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PLoS One. 2014 Feb 28;9(2):e89700. doi: 10.1371/journal.pone.0089700. eCollection 2014.

Using multivariate regression model with least absolute shrinkage and selection operator (LASSO) to predict the incidence of Xerostomia after intensity-modulated radiotherapy for head and neck cancer.

Author information

  • 1Medical Physics and Informatics Laboratory of Electronics Engineering, National Kaohsiung University of Applied Sciences, Kaohsiung, Taiwan, ROC.
  • 2Department of Radiation Oncology, Kaohsiung Chang Gung Memorial Hospital and Chang Gung University College of Medicine, Kaohsiung, Taiwan, ROC.
  • 3Department of Radiation Oncology, Kaohsiung Chang Gung Memorial Hospital and Chang Gung University College of Medicine, Kaohsiung, Taiwan, ROC ; Department of Electrical Engineering, National Kaohsiung University of Applied Sciences, Kaohsiung, Taiwan, ROC.
  • 4Department of Medical Imaging and Radiological Sciences, I-Shou University, Kaohsiung, Taiwan, ROC.
  • 5Department of Radiation Oncology, E-Da Hospital, Kaohsiung, Taiwan, ROC.
  • 6Department of Electronics Engineering, National Kaohsiung University of Applied Sciences, Kaohsiung, Taiwan, ROC.
  • 7Department of Radiation Oncology, Kaohsiung Yuan's General Hospital, Kaohsiung, Taiwan, ROC.

Abstract

PURPOSE:

The aim of this study was to develop a multivariate logistic regression model with least absolute shrinkage and selection operator (LASSO) to make valid predictions about the incidence of moderate-to-severe patient-rated xerostomia among head and neck cancer (HNC) patients treated with IMRT.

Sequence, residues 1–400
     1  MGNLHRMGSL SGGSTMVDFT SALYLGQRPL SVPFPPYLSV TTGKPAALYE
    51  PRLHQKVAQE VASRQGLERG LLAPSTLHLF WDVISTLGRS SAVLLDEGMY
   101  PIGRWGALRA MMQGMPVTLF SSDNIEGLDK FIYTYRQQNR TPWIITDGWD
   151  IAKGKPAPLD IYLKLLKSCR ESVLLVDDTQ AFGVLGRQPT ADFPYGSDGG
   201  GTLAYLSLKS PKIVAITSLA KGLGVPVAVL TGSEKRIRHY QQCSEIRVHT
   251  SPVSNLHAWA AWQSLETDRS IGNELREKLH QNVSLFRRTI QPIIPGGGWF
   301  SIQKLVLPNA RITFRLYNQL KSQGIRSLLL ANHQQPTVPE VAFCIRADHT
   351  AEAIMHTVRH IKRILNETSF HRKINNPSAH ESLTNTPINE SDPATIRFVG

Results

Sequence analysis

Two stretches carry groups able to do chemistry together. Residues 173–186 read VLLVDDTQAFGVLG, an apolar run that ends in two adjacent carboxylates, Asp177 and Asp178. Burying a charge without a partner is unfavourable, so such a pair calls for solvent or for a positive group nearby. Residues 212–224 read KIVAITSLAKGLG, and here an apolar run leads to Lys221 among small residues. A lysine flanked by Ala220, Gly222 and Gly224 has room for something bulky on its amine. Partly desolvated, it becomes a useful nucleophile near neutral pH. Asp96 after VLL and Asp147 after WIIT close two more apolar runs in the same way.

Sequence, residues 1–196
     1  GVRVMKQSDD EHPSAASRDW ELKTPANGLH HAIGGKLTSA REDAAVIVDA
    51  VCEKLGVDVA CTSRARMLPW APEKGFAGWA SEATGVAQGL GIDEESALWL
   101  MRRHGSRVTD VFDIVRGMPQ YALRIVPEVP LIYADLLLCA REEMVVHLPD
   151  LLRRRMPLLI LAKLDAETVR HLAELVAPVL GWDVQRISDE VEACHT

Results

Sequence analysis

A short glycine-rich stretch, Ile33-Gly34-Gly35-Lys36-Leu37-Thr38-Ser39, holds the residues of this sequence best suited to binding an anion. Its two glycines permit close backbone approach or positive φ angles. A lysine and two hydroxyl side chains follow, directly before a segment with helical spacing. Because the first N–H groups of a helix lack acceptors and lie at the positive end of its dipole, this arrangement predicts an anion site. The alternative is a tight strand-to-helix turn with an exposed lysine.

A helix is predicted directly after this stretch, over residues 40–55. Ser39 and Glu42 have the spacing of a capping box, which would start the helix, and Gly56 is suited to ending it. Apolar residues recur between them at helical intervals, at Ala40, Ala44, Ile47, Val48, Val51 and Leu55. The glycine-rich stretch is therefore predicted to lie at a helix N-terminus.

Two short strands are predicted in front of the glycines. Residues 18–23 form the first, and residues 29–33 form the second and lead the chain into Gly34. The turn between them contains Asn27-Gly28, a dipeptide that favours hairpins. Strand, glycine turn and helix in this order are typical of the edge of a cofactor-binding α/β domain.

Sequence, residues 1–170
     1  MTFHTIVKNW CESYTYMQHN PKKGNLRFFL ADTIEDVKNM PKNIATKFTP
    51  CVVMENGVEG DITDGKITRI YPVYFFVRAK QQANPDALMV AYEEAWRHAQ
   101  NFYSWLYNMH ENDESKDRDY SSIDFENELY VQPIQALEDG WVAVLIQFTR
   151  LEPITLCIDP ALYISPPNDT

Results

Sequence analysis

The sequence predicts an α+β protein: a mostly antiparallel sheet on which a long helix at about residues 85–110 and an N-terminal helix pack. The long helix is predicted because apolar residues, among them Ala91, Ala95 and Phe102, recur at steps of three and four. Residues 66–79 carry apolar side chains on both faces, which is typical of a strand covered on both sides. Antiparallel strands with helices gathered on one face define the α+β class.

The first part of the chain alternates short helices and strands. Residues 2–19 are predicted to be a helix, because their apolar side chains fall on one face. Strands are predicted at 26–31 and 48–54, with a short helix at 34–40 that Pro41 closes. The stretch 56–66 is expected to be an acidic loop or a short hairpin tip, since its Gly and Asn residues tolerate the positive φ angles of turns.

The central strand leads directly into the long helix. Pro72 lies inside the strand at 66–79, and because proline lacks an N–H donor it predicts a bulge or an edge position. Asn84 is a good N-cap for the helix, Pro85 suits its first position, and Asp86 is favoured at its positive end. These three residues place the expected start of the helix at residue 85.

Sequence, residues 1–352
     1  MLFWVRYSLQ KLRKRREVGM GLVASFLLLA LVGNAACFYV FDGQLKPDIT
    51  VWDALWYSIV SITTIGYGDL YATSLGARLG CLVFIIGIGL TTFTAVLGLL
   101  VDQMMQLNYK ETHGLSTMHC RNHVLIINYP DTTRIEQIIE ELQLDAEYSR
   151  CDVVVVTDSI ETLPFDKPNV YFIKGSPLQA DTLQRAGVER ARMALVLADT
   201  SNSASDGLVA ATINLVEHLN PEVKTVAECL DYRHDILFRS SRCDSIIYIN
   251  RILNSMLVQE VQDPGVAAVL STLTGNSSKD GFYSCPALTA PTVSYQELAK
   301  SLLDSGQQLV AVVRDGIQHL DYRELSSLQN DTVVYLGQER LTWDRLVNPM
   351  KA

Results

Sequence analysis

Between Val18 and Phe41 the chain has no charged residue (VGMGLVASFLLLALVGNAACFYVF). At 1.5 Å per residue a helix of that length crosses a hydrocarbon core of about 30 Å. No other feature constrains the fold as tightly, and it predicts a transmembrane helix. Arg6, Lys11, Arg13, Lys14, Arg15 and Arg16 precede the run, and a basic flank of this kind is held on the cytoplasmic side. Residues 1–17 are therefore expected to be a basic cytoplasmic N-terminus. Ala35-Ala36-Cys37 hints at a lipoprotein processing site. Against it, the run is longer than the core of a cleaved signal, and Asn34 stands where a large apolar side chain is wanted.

METHODS AND MATERIALS:

Quality of life questionnaire datasets from 206 patients with HNC were analyzed. The European Organization for Research and Treatment of Cancer QLQ-H&N35 and QLQ-C30 questionnaires were used as the endpoint evaluation. The primary endpoint (grade 3(+) xerostomia) was defined as moderate-to-severe xerostomia at 3 (XER3m) and 12 months (XER12m) after the completion of IMRT. Normal tissue complication probability (NTCP) models were developed. The optimal and suboptimal numbers of prognostic factors for a multivariate logistic regression model were determined using the LASSO with bootstrapping technique. Statistical analysis was performed using the scaled Brier score, Nagelkerke R(2), chi-squared test, Omnibus, Hosmer-Lemeshow test, and the AUC.

RESULTS:

Eight prognostic factors were selected by LASSO for the 3-month time point: Dmean-c, Dmean-i, age, financial status, T stage, AJCC stage, smoking, and education. Nine prognostic factors were selected for the 12-month time point: Dmean-i, education, Dmean-c, smoking, T stage, baseline xerostomia, alcohol abuse, family history, and node classification. In the selection of the suboptimal number of prognostic factors by LASSO, three suboptimal prognostic factors were fine-tuned by Hosmer-Lemeshow test and AUC, i.e., Dmean-c, Dmean-i, and age for the 3-month time point. Five suboptimal prognostic factors were also selected for the 12-month time point, i.e., Dmean-i, education, Dmean-c, smoking, and T stage. The overall performance for both time points of the NTCP model in terms of scaled Brier score, Omnibus, and Nagelkerke R(2) was satisfactory and corresponded well with the expected values.

CONCLUSIONS:

Multivariate NTCP models with LASSO can be used to predict patient-rated xerostomia after IMRT.

PMID:
24586971
[PubMed - in process]
PMCID:
PMC3938504
Free PMC Article

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